Movie review: 'Jack and Jill'
I can appreciate stupid humor and absurd moments as easily as I can admire Adam Sandler. But I can't help asking what the heck has happened to the guy who made "The Wedding Singer" and "50 First Dates." Long gone, apparently, having followed up a succession of turkeys like "Just Go With It," "Grown Ups," "Click" and "Bedtime Stories" with his latest moronic comedy "Jack and Jill."
There's not one funny moment in it, though the audience I saw it with was rolling in laughter. I should have had what they were smoking because I didn't crack a smile once. I cringed through all 89 painful minutes of a production injected with a double dose of Sandler.
Playing siblings, Jack and Jill, Sandler regretfully appears in every poorly conceived scene. It's a tossup over who's more obnoxious: Jack, a suburban Los Angeles father of two working as a television commercial director; or Jill, his abrasive, socially awkward twin sister, who comes to visit Jack during Thanksgiving then never leaves. She's needy, and homely, to boot. And the longer she stays, the more Jack's wife (Katie Holmes) is forced to referee as Jill issues demands for more "twin time" and he lobbies for her to return home to the Bronx.
In the meantime, Jack is charged with a do-or-die task: secure Al Pacino (playing himself) for a Dunkin' Donuts spot. As Jack tries to make Pacino happen, the once-great actor, who must have really needed the money, falls for a disinterested Jill. Jack is faced with selling out his sister for personal gain. You can smell the redemption coming from the time Jack picks up Jill at LAX. To arrive there, though, it's a long slog.
Sandler brings along a few of his regulars - Nick Swardson, Norm MacDonald, Tim Meadows - as well as his longtime director of choice, Dennis Dugan ("Happy Gilmore," "I Now Pronounce You Chuck and Larry"). There's also a slew of celebrity cameos provided by Johnny Depp, Dan Patrick, Christie Brinkley, Regis Philbin, Billy Blanks, Bruce Jenner and former NFL players Michael Irvin and Bill Romanowski (both of whom were in Sandler's "The Longest Yard"). Inserting these folks might seem clever to Sandler's core audience of childish morons, but all it does is highlight the fact that the screenplay by Steve Koren ("Bruce Almighty") is dim-witted at best. All these cameos scream, "We have no story to tell, so we'll amuse the masses with famous folks who have nothing to do with the plot."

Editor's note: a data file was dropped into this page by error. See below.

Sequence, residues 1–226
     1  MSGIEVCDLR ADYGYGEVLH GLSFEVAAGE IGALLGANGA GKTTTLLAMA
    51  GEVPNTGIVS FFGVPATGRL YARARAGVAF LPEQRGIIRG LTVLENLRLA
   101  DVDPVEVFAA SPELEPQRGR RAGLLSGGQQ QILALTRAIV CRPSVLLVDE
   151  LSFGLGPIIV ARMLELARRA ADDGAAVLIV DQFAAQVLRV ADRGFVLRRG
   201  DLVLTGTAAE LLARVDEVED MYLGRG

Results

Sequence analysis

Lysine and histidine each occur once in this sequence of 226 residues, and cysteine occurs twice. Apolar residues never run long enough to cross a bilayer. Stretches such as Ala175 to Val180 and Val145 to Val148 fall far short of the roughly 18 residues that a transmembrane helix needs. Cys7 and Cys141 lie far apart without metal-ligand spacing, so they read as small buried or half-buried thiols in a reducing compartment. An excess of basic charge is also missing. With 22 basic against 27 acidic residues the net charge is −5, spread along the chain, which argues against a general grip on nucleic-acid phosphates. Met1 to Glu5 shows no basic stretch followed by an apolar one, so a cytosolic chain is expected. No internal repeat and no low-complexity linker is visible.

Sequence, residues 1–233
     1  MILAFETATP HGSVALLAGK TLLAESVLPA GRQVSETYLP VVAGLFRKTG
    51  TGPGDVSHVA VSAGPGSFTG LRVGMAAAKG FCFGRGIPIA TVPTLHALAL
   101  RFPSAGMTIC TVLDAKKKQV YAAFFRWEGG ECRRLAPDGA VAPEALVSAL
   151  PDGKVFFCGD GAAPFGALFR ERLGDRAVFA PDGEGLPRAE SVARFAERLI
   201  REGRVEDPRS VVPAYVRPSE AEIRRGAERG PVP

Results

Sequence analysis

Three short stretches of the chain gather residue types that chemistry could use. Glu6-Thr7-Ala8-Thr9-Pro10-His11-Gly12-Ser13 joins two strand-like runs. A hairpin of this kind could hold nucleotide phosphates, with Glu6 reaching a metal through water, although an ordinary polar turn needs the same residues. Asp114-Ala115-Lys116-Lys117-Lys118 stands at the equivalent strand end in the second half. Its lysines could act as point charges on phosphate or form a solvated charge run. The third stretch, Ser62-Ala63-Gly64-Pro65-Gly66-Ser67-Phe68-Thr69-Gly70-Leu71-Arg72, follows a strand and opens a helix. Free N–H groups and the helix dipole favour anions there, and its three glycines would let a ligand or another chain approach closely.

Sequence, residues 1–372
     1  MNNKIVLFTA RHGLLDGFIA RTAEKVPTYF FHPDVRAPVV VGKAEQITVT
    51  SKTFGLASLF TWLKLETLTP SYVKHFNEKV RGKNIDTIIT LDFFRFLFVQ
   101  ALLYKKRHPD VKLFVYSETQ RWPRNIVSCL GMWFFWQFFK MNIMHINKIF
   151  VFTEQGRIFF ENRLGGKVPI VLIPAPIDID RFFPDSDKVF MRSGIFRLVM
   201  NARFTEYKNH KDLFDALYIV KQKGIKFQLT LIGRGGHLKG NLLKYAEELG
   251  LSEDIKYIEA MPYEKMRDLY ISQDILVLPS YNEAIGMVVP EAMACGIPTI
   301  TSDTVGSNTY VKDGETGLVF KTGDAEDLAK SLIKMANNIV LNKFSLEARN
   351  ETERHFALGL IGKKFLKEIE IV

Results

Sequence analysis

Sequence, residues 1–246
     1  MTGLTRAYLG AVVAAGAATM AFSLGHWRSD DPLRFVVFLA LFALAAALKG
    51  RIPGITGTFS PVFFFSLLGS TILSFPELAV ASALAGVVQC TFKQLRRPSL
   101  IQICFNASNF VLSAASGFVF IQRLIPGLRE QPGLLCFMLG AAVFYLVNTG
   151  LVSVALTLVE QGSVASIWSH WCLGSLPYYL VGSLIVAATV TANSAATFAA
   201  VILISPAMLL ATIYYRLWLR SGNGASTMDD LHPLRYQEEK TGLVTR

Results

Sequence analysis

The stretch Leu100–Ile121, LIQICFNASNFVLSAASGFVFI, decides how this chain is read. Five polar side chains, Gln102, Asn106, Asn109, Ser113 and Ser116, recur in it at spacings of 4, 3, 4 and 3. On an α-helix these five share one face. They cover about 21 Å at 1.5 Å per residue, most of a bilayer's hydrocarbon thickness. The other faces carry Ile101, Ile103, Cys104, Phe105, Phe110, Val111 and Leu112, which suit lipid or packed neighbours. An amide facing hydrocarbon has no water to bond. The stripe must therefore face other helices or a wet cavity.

What passes for comedy is per usual: sweat stains, farting, butt blowouts, precocious children, toothless grannies, characters being knocked cold, crotch scratching, hairy armpits, John McEnroe in a tirade (which I'm not even sure the target audience will get.)
Two things were amusing - Depp wearing a Justin Bieber T-shirt courtside at a Lakers game and Pacino mocking his one Academy Award win. "You'd think I have more," Pacino says after Jill accidentally breaks the Oscar statuette.
Lest you think I hate Sandler, I will still watch the sophomoric "Billy Madison" every time it's on cable. That's hard to admit. But we know Sandler can really act with surprising vulnerability ("Punch-Drunk Love"). I just wish he would tap back into the gifted comic we know he can be and stop spewing garbage like "Jack and Jill."
Dana Barbuto may be reached at email@example.com.
JACK AND JILL (PG for for crude and sexual humor, language, comic violence and brief smoking.) Cast includes Adam Sandler, Katie Holmes and Al Pacino. 1/2 star out of 4 stars.